Then my dad asked me, “do you get frustrated with your old man?” I said “sometimes”. It was a safe response, honest, though not brutally so. He said jokingly “all the time, huh?” I releneted a bit and said “most of the time” and then said something about how I was glad I was at school most of the time now, in the same ‘humor’ my dad does, even though it’s honest. I could see a small change, but didn’t realize it at that time, in his manner of acting toward me. I stopped talking after two sentences, to prevent myself from being more honest. Note: I will NOT lie just to stroke his ego. I will NOT lie to make him feel better and wanted. I will NOT grovel and such. I try my best to be as honest as I can, but I also won’t be brutally honest. That’s why I write the blog. I needed a place where I could express all my feelings as honestly as possible, since I have no one person I can share everything with.

Today I slept in, my family went to the 9 o’clock Mass while I decided to go to the 11 o’clock Mass instead. I was in the bathroom, putting on my makeup with the door open. I heard my family come home (and feel the vibrations on the floor too) and said hi to everybody. Dad walked by and I said hi to him, but he didn’t look at me, just walked right past dropping my book bag carelessly from last night that I had left in their car for safekeeping. Okay, I thought. He’s in a bad mood. I didn’t realize I was the cause of it until I asked Mom, and she said it was because of what happened last night. (I had told her about both incidences) She said Dad felt like I disrespected him, and now his feelings were hurt.

Man, did I get mad. Not at her, at Dad, but I couldn’t show it to him. It was HIS fault. His fault for asking me. If he didn’t want to hear the truth, don’t ask me! His fault for not getting it through his head that perhaps me and my brother aren’t stubborn or disrespectful if we can’t hear a darn thing people say, and we stand there, asking to repeat, or waiting, processing what people said in our mind before we figure out what they said, and then respond later. I’m downstairs in my room right now, and I really want to go up there and tell him to SHUT UP and GET OVER YOURSELF and GET IT THROUGH YOUR HEAD THAT MAYBE YOU NEED TO GO A LITTLE OUT OF YOUR WAY SO WE CAN ACTUALLY HAVE A NORMAL CONVERSATION FOR ONCE!

Ah, well. Soon I will be leaving, for an hour long drive to the capital city because I’m meeting with the president of the statewide university system for my “leadership and/or scholarship” abilities. He’ll probably try to talk to me with the radio playing and the windows down even though it’s cold because it’s so hot in the car and when the siblings are talking and such. My parents are driving because they don’t think I have enough highway experience yet. And Dad did threaten in his stupid hypocritical joking manner that my car is not all mine, it is in his name even though I pay for half the payments and all the insurance.

Wish me luck.

 

updates on some stuff… October 11, 2007

Filed under: ASL,college,deaf,family,friends,life — bookwritegirl @ 5:54 pm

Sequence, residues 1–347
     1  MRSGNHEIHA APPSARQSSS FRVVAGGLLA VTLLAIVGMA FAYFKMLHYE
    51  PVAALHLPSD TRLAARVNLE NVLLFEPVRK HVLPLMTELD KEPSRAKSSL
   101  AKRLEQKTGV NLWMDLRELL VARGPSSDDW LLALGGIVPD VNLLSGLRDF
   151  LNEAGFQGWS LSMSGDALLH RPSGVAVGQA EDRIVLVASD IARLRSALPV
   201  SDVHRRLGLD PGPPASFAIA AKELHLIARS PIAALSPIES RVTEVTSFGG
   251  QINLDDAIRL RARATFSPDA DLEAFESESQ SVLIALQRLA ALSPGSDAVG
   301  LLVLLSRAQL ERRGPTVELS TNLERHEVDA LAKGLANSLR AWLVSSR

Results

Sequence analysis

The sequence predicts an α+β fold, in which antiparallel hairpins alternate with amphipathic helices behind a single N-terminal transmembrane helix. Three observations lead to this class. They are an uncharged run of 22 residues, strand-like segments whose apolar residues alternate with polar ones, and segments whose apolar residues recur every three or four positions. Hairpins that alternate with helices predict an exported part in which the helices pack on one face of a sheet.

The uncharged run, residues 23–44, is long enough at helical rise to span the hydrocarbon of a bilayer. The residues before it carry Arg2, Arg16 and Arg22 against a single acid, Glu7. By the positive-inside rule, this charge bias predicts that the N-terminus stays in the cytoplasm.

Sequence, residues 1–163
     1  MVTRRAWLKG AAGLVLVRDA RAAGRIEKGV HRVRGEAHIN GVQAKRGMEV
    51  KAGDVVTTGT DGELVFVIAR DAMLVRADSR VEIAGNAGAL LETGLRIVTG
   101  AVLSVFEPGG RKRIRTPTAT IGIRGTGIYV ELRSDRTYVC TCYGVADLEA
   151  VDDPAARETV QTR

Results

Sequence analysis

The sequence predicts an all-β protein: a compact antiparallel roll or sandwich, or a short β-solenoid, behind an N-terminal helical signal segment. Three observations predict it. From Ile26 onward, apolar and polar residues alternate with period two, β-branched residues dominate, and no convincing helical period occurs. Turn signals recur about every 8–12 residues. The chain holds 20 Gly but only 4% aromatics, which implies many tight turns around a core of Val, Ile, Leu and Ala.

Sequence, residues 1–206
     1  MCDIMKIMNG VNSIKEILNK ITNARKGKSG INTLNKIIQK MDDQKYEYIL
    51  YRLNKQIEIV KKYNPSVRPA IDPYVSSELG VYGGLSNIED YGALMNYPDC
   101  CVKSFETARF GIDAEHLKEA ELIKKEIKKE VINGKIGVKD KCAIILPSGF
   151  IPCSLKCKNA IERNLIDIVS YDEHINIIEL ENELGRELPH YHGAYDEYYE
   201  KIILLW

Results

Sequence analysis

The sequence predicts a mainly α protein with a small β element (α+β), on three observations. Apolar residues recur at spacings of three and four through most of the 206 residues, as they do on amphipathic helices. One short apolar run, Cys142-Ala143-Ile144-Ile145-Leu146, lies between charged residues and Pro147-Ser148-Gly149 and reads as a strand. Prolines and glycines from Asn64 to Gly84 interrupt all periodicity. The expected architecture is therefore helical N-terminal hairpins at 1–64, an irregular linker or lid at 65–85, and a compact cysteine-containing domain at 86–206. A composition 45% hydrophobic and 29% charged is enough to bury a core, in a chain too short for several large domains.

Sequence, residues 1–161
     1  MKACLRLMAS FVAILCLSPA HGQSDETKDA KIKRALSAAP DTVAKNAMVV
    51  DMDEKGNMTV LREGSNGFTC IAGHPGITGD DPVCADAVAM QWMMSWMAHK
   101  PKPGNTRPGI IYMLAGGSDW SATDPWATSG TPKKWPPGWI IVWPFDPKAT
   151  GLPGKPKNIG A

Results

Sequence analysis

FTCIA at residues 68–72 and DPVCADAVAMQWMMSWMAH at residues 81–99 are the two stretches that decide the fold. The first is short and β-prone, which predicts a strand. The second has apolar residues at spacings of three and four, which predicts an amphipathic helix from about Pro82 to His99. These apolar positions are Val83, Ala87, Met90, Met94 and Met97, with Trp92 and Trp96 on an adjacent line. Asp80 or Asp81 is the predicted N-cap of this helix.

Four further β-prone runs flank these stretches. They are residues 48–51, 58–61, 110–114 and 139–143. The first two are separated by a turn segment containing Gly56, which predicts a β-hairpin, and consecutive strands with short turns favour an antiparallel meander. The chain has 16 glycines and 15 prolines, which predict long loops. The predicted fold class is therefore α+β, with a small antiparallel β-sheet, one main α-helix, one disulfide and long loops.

I was elected Student Senator for my college, with 70% of the votes. Student Senators can plan events in conjunction with other depts. at the school if they’re so inclined, so I’m contemplating (by no means have I decided to do it) on doing an event with the disAbility office, like ASL Awareness Day or something. Any thoughts/tips? Mostly, I want to a) make people aware that being deaf doesn’t mean I need extra time on tests or have to take it in a separate room, etc, like I’ve recently experienced from my professors. They both look at me weird everytime I come into class. I’m not hearing, and yet I’m not deaf, so they don’t really know what to do. And b) I want to drum up interest in ASL as a foreign language at my univ, so that they’ll have to start offering more classes, and perhaps more advanced classes on Deaf subjects. Plus our new chancellor got his PhD in special ed, and once headed up the sign language dept here. So…it’s prime time 🙂 Of course, any thoughts/concerns/suggestions you might have are welcome. If I do this, it will be the same week the DeafNation expo is here.

And on Gallaudet, well, I finally heard from their honors dept. Much faster than anyplace else I’ve emailed. They’re more than willing to have me as an visiting honors student. Geoff’s going to follow up on the admissions dept for me, because he “likes to make the bureaucracy move for people.” How nice 🙂 But he did say that he knew visiting students when he was a student, and they didn’t get any scholarship support from their home institutions.

I hadn’t heard about the financial stuff from my school yet. So I asked the Info Desk where I should start. They didn’t know, but somebody came along and said go to the Registrar. So I did. They didn’t know how to be a visiting student either, and to check with my college or English dept advisor. And they said if my advisor didn’t know either, to come back and they’ll try to help me as best as they can. Great. I already went to my advisor this semster. And I’m sure she won’t know. But hey, I want to go to Gallaudet, so I’ll keep plugging away. If I don’t hear from VR by next week, I’m going to TTY them. “Hey, what’s up? How can I make use of this wonderful resource?”